Upper acoustic port 34 is preferably made from a metal such as titanium because of its strength and its acoustic impedance. Titanium has an acoustic impedance of 27.3×106 MKS Rayls as opposed to stainless steel with an impedance of 45.7×106 MKS Rayls. The lower impedance improves both the coupling of energy from ceramic transducer 100 to upper acoustic port 34 as well as improves the coupling of the signal from upper acoustic port 34 to the cement slurry. The improved coupling increases the signal level in the measurement.
Both the upper surface 114 and lower surface 118 of the back mass 104 have a cut, i.e., upper cut 116 of upper surface 114 and lower cut 120 of lower surface 118 beginning at a diameter of piezoelectric ceramic 100 that is one half the distance to the edge of the mass 104, approximately 0.01 inches deep. This cut, i.e., cut 116, 118, reduces the metal that must be removed in the lapping process and allows the outer edge to stabilize the part while lapping to more easily obtain a flat surface. Back mass 104 is typically made from stainless steel although other high density materials may be used. Upper acoustic port 34, ceramic transducer 100, and back mass 104 are clamped tightly together using tension bolt or threaded rod 122 with insulated sleeve 124. Since back mass 104 functions as the positive electrode and threaded rod 122 functions as ground, electrical isolation is required. Upper surface 114 of back mass 104 is preferably lapped to approximately 20μ inches surface flatness, as are both surfaces of ceramic insulator 126, and a lower surface of load distribution washer 128. Double nuts 130 a and 130 b are used to apply tension to the stack of components and to prevent any movement over time. Spring 132 provides both support for upper electrical connection 28 and functions as an electrical conductor for the positive connection to ceramic transducer 100. Spring 132 contacts upper washer 136, which is preferably a lock washer, and which is contacted by retaining nut 138. Retaining nut 138 holds upper electrical connector 28 onto ceramic insulator 140. The ground path is through upper acoustic port 34 and upper end plug 16.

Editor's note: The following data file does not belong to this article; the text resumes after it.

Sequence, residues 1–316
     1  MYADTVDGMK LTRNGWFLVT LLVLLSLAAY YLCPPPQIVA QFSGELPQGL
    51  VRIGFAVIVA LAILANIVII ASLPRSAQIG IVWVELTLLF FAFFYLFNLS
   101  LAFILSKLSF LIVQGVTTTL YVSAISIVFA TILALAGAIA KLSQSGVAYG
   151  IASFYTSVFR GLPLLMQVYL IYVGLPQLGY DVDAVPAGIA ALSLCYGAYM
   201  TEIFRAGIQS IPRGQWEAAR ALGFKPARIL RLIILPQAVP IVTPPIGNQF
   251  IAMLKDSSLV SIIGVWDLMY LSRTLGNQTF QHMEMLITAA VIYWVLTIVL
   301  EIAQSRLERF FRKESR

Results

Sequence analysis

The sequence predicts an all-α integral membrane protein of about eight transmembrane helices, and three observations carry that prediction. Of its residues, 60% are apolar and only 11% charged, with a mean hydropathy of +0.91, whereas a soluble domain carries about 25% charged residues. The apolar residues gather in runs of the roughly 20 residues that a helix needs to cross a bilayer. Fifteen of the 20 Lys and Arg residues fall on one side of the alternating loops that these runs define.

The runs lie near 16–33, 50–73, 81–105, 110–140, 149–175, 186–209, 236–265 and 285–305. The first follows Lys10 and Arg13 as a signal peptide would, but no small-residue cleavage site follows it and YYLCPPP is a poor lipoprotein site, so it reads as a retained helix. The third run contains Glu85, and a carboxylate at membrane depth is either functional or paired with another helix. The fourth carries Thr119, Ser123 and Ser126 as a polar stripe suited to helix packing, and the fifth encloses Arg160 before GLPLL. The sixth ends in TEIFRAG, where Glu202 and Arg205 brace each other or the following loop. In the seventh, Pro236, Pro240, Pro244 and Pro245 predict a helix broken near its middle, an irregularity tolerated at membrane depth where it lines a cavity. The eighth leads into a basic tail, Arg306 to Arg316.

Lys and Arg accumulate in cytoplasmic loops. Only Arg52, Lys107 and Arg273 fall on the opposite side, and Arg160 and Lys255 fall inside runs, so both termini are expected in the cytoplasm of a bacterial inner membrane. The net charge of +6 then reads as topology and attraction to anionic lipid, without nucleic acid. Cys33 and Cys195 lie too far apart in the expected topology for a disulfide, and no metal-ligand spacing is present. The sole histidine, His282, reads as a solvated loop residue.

In addition to providing the ability to improve the signal quality by placing critical elements where they can be processed properly, the improved design of the invention allows for the easy use of materials with the best acoustic properties. By modifying acoustic ports 32, 34 from a diaphragm to a transmission line, the bandwidth of the acoustic signal was greatly increased. The invention allows the measurement of transit time at frequencies ranging from 500 kHz used in the standard UCA, to frequencies as low as 113 kHz.
Thus, the present invention is well adapted to carry out the objectives and attain the ends and advantages mentioned above as well as those inherent therein. While presently preferred embodiments have been described for purposes of this disclosure, numerous changes and modifications will be apparent to those of ordinary skill in the art. Such changes and modifications are encompassed within the spirit of this invention as defined by the claims.